10 Tips for a Happier, Healthier Halloween

Disclosure: This post was sponsored by Crest. All thoughts and opinions are my own. Post contains affiliate links.

Do you steal your kids’ candy on Halloween? Don’t be shy about admitting it. According to a survey conducted by Crest, 86 percent of parents admit to stealing their children’s candy.

I’m guilty of it. My husband is guilty of it 10 times over. He likes to hide the candy in a cabinet that only he can reach.

Tips for a happier, healthier Halloween - The Everyday Mom Life

According to the Crest research, which was conducted via survey with 2,000 adults, kids and their parents are equally obsessed with Halloween candy.

We’re just trying to do what we can to help our kids have a happy Halloween while having a few treats ourselves, right?

Well, aside from eating all their candy for them, there’s a few other things we can do to help them have a safer, healthier and happier Halloween. I’ve partnered with Crest to share some of the best and easiest ideas.

Tips for a Happier, Healthier Halloween

Halloween safety tips - The Everyday Mom Life

Halloween safety tips - The Everyday Mom LifeFeed them before they go trick-or-treating

Feeding your kids a good meal before they go trick-or-treating is a common tactic used my many parents to curb candy consumption. The idea is that if they’re full of the nutritious good stuff, they’ll be less likely to binge on the sweets. About 41 percent of parents said they do this around Halloween according to the Crest survey.

Halloween safety tips - The Everyday Mom Life

Grab reflective gear

Halloween clothing is traditionally dark, especially as your kids get older. Make sure they have some kind of reflective clothing or something on them that lights up so people can see them after dark. My children are both being Star Wars characters this year, so they will have light sabers with them. However, I also plan to put some reflective tape on the bottom of their costumes and have them each wear a glow necklace. With the light fading earlier and earlier, it will be dark by the time most cities’ trick-or-treating hours end.

Halloween safety tips - The Everyday Mom Life

Discuss rules around stranger danger

Halloween is a time the stranger rules may seem lax but it’s important to remind your kids of a few basics – especially if you let them go out trick-or-treating alone. Remind them:

  1. Don’t go with anyone they’re approached by on the street.
  2. Do not go near any cars and/or vans where people are offering them candy or asking for help to look for other children/animals.
  3. Don’t go into strangers’ houses. This can be one that’s especially different on Halloween versus the rest of the year because they’re physically standing on other people’s doorsteps. If it’s cold it might be tempting to enter an entry way. It’s one thing when it’s a neighbor you know, but it’s something else when they’re a couple blocks away as tweens and teens by themselves.

Cross the street correctly

On Halloween it can be especially tempting to dart from house to house but remind your kids that they need to cross the street at crosswalks or corners where cars will be more likely to look for them. Jaywalking might not seem like a huge issue (we all do this too) but couple it with the excitement of lots of candy plus kids not paying attention and accidents can happen.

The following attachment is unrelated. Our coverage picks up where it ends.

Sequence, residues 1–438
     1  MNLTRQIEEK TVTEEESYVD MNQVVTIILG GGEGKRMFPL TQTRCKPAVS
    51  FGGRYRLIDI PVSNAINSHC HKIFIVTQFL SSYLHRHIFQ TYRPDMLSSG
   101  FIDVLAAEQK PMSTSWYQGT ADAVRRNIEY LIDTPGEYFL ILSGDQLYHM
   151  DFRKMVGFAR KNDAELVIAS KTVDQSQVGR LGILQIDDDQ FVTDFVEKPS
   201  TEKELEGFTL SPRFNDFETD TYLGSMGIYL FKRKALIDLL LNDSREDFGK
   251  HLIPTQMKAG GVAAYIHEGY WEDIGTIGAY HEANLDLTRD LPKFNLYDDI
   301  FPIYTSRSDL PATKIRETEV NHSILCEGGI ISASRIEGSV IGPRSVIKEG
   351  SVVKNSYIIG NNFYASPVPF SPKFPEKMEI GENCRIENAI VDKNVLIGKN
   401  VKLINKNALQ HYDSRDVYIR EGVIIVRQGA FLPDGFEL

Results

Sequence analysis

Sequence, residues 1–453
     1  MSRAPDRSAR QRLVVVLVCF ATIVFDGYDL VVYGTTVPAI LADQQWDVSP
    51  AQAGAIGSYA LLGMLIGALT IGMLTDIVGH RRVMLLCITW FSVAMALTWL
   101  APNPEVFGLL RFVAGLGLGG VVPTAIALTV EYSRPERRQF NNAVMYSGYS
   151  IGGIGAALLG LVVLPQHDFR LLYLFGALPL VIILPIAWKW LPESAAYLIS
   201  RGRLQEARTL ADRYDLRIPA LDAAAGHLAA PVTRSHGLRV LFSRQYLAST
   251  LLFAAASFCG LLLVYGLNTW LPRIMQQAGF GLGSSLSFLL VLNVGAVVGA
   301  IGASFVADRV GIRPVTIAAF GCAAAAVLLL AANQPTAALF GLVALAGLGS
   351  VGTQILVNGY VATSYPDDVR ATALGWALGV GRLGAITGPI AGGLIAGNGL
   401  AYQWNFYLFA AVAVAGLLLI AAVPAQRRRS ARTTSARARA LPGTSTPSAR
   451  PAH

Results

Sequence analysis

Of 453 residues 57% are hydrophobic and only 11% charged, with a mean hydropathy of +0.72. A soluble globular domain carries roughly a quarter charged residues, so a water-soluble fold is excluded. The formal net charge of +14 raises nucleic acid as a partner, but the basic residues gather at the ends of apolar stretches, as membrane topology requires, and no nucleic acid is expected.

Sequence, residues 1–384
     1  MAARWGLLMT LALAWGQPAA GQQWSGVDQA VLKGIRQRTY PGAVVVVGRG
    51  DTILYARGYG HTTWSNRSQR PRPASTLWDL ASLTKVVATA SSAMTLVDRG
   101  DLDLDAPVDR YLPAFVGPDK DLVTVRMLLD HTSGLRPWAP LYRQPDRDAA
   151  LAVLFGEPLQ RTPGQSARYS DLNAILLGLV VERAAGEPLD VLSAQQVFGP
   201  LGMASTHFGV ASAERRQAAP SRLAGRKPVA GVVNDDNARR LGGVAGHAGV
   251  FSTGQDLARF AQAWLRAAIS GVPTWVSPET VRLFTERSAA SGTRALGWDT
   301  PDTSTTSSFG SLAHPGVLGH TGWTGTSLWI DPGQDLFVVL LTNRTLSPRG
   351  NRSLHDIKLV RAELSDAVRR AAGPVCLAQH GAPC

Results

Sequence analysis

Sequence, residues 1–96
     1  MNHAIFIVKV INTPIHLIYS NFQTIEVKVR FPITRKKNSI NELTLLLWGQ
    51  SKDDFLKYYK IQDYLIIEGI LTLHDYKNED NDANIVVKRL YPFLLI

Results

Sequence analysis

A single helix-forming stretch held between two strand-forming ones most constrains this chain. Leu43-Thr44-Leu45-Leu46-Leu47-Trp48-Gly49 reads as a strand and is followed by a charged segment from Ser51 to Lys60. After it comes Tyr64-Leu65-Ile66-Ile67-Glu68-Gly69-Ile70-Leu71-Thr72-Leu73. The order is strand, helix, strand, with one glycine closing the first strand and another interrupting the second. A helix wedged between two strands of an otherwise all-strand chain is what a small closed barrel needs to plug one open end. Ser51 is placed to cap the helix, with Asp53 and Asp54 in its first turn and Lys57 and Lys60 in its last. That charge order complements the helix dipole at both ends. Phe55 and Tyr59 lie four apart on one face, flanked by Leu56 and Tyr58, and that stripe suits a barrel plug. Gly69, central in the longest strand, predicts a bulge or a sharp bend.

Use smaller bags

It can be tempting to let your kids head out on Halloween night with a pillowcase, so they can load up on freebie candy, but let’s rethink this one. If you give them a smaller pumpkin bucket or a bag, they’re going to bring less home for them (and you) to eat. Crest estimates that about 40% of Halloween candy lasts between a week and a month after the holiday. Do you really need a pillowcase full of it?

Halloween safety tips - The Everyday Mom Life

Examine the candy before they eat it

This is an old rule of thumb for Halloween but from a safety perspective, it bears repeating. Before your kids dig in, especially younger kids who aren’t really aware that their candy may have been tampered with, check it out and make sure it isn’t open or doesn’t have any abnormal features. Throw out any pieces that look off or even candy that looks old.

Set limits

Don’t just let your kids pig out Halloween night. Crest states that 58 percent of parents limit their children’s candy consumption on Halloween night and 75 percent of parents limit the number of pieces their children can eat. If you do this, you’re completely normal no matter how much your kids may protest. It’s a good rule of thumb to keep your kids from overdoing it, getting a stomachache or even getting sick on a night that’s supposed to be all about having fun. Also, helping them to set limits on non-nutritious snacks is a good lifelong skill for them to learn.

Halloween safety tips - The Everyday Mom Life

Halloween safety tips - The Everyday Mom Life

Make sure they brush at night

The very least we can do after a night of heavy candy consumption is to make sure that our kids do a good job brushing their teeth. Crest found that 7-in-10 parents are stricter about enforcing teeth brushing routines the night of a holiday. Remind them to get in back, up, down and around. I always make my kids say, “Cheese,” and go over the front ones at the end too.

Find ways to use excess candy